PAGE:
The motor is connected to the input shaft of a right-angled gear box 38 (FIGS. 2 and 3) having an output shaft connected to the trolley's driven wheel 33, and will result in the trolley's movement, either forward or backward, depending on the rotation of the drive motor. Diode 103 is a transient voltage protection device to reduce arcing of the contacts in the motor control relay. The trolley drive motor 35 is a direct current, low voltage, fractional horsepower, permanent magnet-type motor as is well known in the industry. A suitable motor is a Leeson permanent magnet 0.25 horsepower D.C. motor.
The electronics, the radio 62 and the packet data controller 64 are all powered from the 12 volt positive supply line located at point 106, the junction of the batteries 91 and 92; with the common or return line to the negative post of battery 92 being via point 107.
FIG. 6 illustrates the output commands from the packet data controller 64 to the electro-mechanical relays which switch the direct current for operation of the trolley drive motor and other components. Outputs 1-3 are shunted by the pushbuttons 78a-78c of the manual pendant 78, thus allowing movement of the trolley without the use of the computer in the central control console. Pendant 78 is for maintenance use only, as an electrical connection inside the pendant appears as input signal 6 causing the packet data controller to disregard signals from the computer and accept only commands from the pendant. Removal of the pendant from connector 75 returns control to the packet data controller for automatic operation.
The first ouput command is to turn on the D.C. power to the trolley. The power relay 67 is energized, as indicated by the appropriate L.E.D. on the front panel 61 of the control compartment. If output 2 is energized, and the photoelectric transmitter/receiver does not detect another trolley in the path, motor control relay 68 is turned on causing the trolley to move forward at slow speed because only 12 volts D.C. is being applied to the 24 volt motor. The motor will operate at one-half its rated speed, that is, if the motor is rated at 3600 R.P.M. at 24 volts D.C., at 12 volts D.C. it will operate at 1800 R.P.M., thus moving the trolley at one-half its normal speed. If the trolley is to travel in reverse, output 2 will be shut off and output 3 will be energized operating the reverse motor relay, again indicated by the appropriate L.E.D. on the front panel 61. For the trolley to move forward at fast speed (24 volts applied to the motor), the speed control relay 71 must be energized. Electrical interlocking permits the use of this command only in the forward travel mode. A loss of the power relay 67 at any time will stop the motion of the trolley and cause an alarm to be sent to the central console computer.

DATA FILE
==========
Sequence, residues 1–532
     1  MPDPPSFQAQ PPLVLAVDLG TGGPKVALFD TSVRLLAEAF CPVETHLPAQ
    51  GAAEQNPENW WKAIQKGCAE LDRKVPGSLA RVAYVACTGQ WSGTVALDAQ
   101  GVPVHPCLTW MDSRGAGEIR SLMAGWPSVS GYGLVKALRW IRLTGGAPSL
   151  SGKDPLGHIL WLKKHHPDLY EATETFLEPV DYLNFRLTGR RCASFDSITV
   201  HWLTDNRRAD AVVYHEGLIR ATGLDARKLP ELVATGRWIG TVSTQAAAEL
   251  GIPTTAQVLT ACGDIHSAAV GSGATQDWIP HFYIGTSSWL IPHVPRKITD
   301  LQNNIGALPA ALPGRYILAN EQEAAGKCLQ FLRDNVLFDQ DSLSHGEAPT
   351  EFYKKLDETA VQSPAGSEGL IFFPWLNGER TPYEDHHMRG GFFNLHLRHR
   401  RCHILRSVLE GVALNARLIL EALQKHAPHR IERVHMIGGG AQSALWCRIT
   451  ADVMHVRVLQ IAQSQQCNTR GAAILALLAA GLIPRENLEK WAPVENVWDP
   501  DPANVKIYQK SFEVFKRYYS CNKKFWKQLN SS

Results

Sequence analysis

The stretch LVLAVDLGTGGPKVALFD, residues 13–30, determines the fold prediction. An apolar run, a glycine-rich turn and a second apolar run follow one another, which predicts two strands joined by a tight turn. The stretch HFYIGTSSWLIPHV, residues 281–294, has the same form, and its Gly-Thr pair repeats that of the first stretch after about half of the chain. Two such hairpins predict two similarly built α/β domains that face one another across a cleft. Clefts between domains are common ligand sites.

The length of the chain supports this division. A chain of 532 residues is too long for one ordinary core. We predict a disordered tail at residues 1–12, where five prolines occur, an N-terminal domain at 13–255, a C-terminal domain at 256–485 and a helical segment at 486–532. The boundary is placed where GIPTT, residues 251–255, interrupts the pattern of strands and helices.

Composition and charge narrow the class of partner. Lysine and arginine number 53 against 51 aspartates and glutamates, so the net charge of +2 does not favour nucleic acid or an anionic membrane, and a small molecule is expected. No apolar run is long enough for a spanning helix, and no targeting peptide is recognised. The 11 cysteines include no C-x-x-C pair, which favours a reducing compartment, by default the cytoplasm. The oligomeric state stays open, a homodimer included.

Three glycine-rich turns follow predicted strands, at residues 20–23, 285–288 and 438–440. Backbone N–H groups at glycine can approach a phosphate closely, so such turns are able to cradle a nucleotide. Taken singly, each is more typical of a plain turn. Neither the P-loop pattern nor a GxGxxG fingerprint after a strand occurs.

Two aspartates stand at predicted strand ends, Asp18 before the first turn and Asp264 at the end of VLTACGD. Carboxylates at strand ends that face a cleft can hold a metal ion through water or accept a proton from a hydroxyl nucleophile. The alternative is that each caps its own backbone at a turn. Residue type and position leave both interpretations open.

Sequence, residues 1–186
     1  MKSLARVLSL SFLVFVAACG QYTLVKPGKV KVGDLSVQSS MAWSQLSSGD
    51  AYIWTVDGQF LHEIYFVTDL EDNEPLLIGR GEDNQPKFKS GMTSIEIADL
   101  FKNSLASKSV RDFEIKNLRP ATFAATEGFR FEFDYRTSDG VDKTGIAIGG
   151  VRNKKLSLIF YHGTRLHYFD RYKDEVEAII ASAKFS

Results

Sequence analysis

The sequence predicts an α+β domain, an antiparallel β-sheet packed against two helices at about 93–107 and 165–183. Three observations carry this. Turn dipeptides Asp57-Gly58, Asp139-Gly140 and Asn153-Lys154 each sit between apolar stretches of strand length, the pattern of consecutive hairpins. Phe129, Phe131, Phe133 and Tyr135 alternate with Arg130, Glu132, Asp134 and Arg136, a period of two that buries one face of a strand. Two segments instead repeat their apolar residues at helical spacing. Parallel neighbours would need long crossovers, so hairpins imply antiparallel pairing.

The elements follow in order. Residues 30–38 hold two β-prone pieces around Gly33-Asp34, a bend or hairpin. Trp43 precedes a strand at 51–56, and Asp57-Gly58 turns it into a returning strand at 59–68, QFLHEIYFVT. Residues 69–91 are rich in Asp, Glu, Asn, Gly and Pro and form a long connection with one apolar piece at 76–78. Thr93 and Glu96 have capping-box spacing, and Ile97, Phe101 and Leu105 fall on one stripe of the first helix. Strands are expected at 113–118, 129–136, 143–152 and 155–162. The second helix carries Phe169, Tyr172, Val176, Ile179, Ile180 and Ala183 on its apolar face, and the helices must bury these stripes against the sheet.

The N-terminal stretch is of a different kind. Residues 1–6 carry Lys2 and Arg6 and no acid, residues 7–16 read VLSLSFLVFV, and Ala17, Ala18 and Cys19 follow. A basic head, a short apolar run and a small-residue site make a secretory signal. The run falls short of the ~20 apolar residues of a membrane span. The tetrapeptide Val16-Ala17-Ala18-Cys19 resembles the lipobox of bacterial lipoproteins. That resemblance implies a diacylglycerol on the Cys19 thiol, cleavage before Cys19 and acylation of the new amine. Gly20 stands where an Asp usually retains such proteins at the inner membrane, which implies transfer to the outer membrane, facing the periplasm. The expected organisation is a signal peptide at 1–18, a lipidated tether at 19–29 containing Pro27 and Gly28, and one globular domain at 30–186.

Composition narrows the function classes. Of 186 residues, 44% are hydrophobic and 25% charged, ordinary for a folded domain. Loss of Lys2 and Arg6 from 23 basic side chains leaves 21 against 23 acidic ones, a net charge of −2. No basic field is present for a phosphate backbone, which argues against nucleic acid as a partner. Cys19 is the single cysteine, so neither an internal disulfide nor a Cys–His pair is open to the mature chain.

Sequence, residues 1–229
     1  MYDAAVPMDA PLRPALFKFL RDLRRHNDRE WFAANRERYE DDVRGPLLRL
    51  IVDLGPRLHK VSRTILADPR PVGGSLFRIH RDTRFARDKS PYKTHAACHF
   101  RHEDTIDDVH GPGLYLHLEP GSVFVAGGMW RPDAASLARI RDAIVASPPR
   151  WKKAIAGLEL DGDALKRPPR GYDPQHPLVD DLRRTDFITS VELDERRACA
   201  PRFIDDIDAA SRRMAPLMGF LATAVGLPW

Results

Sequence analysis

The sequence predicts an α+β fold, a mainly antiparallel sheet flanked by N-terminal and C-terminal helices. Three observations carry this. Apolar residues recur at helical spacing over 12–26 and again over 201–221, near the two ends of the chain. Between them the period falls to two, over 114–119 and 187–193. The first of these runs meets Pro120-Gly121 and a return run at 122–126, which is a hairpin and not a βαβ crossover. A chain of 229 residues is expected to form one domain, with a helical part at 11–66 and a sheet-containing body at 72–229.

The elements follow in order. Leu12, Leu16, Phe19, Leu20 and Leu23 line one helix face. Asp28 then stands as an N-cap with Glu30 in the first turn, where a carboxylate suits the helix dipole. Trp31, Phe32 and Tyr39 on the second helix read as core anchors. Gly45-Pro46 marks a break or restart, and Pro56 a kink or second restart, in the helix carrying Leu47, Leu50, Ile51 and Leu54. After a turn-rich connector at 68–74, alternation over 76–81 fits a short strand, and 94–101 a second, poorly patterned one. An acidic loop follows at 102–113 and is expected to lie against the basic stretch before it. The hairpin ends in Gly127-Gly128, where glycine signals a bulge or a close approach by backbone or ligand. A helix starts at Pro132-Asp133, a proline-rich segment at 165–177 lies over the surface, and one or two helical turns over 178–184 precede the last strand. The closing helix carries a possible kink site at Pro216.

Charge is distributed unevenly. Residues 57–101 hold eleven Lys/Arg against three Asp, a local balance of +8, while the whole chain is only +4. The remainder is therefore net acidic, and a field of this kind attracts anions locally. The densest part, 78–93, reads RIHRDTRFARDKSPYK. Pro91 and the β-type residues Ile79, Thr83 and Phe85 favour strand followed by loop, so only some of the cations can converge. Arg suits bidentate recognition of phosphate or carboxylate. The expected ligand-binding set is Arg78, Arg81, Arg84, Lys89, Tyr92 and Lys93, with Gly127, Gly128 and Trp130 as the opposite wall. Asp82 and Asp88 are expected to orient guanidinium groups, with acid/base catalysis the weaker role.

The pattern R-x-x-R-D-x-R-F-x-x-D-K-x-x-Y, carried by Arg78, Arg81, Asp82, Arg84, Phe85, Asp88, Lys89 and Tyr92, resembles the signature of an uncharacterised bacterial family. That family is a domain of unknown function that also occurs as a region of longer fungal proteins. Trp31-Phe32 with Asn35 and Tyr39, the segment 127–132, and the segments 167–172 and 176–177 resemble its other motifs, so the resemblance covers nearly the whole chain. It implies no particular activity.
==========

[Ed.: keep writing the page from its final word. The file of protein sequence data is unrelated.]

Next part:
The motor temperature signal (input 4) is normally on at all times providing a fail-safe monitoring of the motor electrical windings. If an abnormally high temperature is reached, the contact will open resulting in a loss of the input. The packet data controller will shut off the motor drive relay and transmit an alarm to the central console computer for action by maintenance personnel.
Input 5 is the low battery voltage signal, which is transmitted to the central console computer to schedule the trolley for recharging in a conventional manner.
All of the input signals are transmitted to the central console computer, giving the computer a continual update as to the trolley's direction of travel, speed and any faults that might occur.
The R.F. communication means can also be used to actuate switches which may be in the track system to move a trolley to a branch portion of the system, or for other purposes. For example, a trolley, knowing it is approaching a switch to be actuated (as a result of having passed an appropriately positioned location point), transmits a command coded only for that switch. The command is received and decoded by a packet modem on the switch and the switch is activated. This action causes an acknowledgment signal to be sent to the trolley to continue its forward travel. If this acknowledgment is not received by the trolley, it may be instructed not to continue until the pathway is proper.
The disclosed embodiment is representative of the preferred form of the invention, but is intended to be illustrative rather than definitive thereof. The invention is defined in the claims.
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|U.S. Classification||104/297, 246/167.00A, 104/299, 246/182.00R, 246/187.00A|
|Aug 12, 1991||AS||Assignment|
Owner name: LUCAS HARTRIDGE, INC. A VA CORPORATION, VIRGINIA